The Days of the Marketing Funnel Are Numbered

Posted by | February 06, 2013 | | One Comment

Published by Rain Today – February 6th, 2013

As sales and marketing executives struggle to better understand prospects and customers, one thing has become clear: most closed sales never enter the marketing funnel. In fact, nearly half of all B2B marketers say they close less than 4% of all marketing-generated leads, according to Forrester Research, and most companies attribute less than 25% of all revenue to marketing.

Where is the other 75% of revenue coming from? The answer is many sources, including up-sells and referrals, which have nothing to do with the marketing funnel. Yet, companies continue to allocate the majority of their marketing spend on filling the funnel with new leads.

At the crux of this problem is the traditional concept of the marketing funnel. For the marketing funnel model to work, all of the brand advocates at the bottom have to first be fed into the top of the funnel through marketing efforts.

But consider this scenario: a sales rep is introduced to a new prospect through a mutual friend, and the prospect becomes a customer. That lead never goes through the marketing funnel before becoming a sale.

The Lifecycle Paradigm Shift

Marketers instinctively understand the need to build prospect and customer engagement. But this cannot be done effectively using the old funnel model. The two strategies do not align. Instead, implementing marketing plans to nurture individuals or organizations over their customer lifecycle illustrates a paradigm shift in marketing strategy. It places an emphasis on marketing that goes beyond generating leads and passing them to the sales team. It recognizes that the nurturing of the relationships does not stop at the handoff; it continues past the qualification, and even past the sale.

The Customer Lifecycle Marketing approach recognizes that prospects and customers move through phases in their relationship with a brand, from initial contact to a fully engaged relationship. Marketers play a crucial role in this scenario, communicating with prospects and customers across all channels to drive engagement and movement through the lifecycle.

How Lifecycle Marketing Works

While every business has its own way of segmenting prospects and customers into stages of the relationship lifecycle, two main categories are always included: lead engagement and customer engagement. Under these two categories, a company should further define stages for each stage of the buying cycle.

If we first look at the pre-sale portion of the buying cycle, we can identify the process an individual or company goes through in getting to know your brand as they move forward through the customer lifecycle. Typically, the lead engagement phase consists of three distinct stages:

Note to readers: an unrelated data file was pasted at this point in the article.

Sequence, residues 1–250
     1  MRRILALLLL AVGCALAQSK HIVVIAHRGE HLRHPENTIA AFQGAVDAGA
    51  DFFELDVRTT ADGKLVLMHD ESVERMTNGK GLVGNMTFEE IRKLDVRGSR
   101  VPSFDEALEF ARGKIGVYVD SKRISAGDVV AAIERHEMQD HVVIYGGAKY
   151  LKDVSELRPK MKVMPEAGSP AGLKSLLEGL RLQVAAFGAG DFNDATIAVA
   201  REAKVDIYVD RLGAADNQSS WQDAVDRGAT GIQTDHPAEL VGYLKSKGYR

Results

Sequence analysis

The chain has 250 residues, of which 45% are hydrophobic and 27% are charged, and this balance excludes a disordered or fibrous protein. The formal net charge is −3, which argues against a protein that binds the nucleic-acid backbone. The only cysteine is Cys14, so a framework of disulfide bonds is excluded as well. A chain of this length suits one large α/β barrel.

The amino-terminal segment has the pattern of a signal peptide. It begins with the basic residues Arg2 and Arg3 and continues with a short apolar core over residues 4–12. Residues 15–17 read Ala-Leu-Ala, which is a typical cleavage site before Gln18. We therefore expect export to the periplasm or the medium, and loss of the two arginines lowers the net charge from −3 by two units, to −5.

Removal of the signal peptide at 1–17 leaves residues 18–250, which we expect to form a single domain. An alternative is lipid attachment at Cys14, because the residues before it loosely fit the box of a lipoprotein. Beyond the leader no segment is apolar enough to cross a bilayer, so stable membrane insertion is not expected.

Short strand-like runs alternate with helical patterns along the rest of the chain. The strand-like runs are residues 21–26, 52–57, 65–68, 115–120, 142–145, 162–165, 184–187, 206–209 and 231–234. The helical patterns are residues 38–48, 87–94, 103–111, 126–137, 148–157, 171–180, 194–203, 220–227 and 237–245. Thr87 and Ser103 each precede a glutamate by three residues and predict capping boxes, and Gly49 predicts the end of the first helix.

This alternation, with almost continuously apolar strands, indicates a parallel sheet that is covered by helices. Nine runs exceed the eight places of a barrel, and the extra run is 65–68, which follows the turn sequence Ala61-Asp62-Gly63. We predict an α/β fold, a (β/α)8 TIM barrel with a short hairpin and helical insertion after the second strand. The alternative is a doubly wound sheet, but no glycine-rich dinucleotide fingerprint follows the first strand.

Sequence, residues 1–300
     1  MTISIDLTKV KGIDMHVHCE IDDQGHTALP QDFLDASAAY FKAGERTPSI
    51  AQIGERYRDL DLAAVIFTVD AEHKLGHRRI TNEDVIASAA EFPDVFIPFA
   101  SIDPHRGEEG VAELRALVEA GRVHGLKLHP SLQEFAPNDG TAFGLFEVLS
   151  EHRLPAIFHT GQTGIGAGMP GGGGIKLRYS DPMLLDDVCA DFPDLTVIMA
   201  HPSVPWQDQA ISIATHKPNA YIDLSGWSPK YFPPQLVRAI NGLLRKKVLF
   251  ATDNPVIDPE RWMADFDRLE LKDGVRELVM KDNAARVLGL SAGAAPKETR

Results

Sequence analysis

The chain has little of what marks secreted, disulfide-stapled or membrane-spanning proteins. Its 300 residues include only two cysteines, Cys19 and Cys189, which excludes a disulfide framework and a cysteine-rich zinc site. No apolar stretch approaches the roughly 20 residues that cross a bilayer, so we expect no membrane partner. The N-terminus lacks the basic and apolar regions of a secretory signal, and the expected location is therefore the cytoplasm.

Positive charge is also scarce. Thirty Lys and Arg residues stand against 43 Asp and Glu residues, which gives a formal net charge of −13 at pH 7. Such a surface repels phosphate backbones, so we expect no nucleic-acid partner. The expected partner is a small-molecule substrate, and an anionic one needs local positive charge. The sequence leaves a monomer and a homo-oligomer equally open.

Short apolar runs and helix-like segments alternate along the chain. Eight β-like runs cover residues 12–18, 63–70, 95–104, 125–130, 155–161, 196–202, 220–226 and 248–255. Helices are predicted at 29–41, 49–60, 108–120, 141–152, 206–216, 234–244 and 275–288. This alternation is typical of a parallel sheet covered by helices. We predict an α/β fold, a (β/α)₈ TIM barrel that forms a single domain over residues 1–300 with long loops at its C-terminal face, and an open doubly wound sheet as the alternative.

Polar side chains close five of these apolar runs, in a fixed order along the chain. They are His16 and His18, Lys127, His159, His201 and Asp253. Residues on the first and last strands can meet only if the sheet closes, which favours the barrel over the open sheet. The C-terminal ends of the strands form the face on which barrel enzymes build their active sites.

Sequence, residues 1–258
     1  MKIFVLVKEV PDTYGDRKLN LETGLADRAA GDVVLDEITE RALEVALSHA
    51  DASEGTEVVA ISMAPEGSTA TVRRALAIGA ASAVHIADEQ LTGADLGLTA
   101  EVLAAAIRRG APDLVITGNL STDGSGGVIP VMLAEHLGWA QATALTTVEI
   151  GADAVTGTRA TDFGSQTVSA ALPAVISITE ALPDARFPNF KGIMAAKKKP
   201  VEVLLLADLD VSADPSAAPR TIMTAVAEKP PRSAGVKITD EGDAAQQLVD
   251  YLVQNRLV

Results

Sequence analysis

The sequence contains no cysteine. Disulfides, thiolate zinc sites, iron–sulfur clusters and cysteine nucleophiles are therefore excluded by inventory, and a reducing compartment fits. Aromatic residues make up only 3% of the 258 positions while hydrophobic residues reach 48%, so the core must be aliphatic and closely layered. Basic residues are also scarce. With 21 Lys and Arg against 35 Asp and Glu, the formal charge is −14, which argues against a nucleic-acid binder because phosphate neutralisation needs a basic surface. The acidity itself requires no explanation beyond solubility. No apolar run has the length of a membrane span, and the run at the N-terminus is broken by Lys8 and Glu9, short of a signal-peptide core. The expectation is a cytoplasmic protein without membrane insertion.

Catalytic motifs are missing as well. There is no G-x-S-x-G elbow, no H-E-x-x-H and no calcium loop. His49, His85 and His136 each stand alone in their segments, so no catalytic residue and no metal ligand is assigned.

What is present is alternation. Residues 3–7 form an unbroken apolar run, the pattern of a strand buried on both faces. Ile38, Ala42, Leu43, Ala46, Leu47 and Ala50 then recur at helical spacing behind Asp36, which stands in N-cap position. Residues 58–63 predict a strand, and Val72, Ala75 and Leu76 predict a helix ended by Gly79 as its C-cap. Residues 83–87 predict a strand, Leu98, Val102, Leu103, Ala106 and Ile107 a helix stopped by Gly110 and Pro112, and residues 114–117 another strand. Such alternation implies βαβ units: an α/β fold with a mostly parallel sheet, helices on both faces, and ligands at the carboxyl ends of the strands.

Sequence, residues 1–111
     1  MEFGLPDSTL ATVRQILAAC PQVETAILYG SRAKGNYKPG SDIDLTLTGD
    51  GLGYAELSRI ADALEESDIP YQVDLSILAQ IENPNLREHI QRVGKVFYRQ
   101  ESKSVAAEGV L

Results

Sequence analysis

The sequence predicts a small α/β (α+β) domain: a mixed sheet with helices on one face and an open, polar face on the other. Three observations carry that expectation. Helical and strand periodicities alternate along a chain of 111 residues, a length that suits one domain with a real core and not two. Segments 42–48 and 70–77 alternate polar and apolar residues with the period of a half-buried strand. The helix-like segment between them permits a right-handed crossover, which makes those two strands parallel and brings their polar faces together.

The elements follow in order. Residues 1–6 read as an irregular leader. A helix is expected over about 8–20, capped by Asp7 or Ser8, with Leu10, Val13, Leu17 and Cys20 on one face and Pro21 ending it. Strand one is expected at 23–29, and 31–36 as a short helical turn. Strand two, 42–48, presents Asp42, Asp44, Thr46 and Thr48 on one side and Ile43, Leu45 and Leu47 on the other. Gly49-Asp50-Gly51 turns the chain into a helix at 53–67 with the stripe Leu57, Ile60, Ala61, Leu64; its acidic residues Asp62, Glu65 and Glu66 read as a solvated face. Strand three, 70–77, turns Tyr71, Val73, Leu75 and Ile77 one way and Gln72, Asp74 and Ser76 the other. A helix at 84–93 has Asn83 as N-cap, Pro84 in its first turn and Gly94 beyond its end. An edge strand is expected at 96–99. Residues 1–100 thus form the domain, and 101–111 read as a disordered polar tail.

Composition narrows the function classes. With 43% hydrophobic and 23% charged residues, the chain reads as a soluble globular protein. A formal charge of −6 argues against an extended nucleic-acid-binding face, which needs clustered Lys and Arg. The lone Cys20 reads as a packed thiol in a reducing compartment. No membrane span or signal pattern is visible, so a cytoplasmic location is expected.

1. Suspects: Your very first introduction to a lead places them in the Suspect stage, which contains all leads that have been touched by your brand and have entered your database but have not yet engaged with you.
  2. Prospects: As a lead progresses through your marketing and nurturing tracks, you collect more information. Once you have enough information to be able to identify them as an ideal fit, they become a viable lead and move into the Prospect stage.
  3. Qualified Prospects: As people move forward in the relationship, and you track their interest based on their engagement with your company, they earn a spot in the Qualified Prospect stage.

It’s the job of marketing and sales to nurture leads as they move through the lead engagement stages. They do this using a series of communications, often automated, that may consist of case studies, white papers, webinars, regional events, and online demos, to list a few. Each time a prospect engages in one of these communications, a point value is assigned, and the total points add up to give an overall engagement score.

Once an individual or company meets a certain score threshold, the lead is moved to the next stage. Once passed to a sales rep, the rep manages customer communication until the lead closes, the sale is lost, or the lead recycles to a previous stage.

The customer engagement phase also has several stages that signify movement from customer to brand advocate. Customer communication is individualized and personalized based on the current stage of the relationship, with the goal being to move the customer to the next more-engaged stage.

Putting the New Framework into Practice

Marketers who are willing to move away from the outdated funnel model and embrace the Customer Lifecycle Marketing framework can do so in four easy steps:

  1. Define your Customer Lifecycle Marketing programs. How will you market to individuals in each stage of the customer lifecycle?
  2. Define the Customer Lifecycle Marketing campaigns and tactics for each marketing program. Each lifecycle marketing program consists of one or more campaigns that are sequenced, triggered, and scheduled according to the campaign design and automation.
  3. Define target audiences and stages of the relationship lifecycle. Segment audiences based on attributes such as behavior, demographics, action, time, or lead score.
  4. Define the treatments and call to action (CTA) for each step in each campaign. Treatment refers to the communication method (electronic, physical, etc.). The CTA compels the individual to action.

Finally, select a marketing automation solution that gives you insight into how your prospects and customers are engaging with your brand. It needs to provide the flexibility to nurture all sources of revenue, including leads from marketing and sales, repeat customers, referrals, and up-sells.

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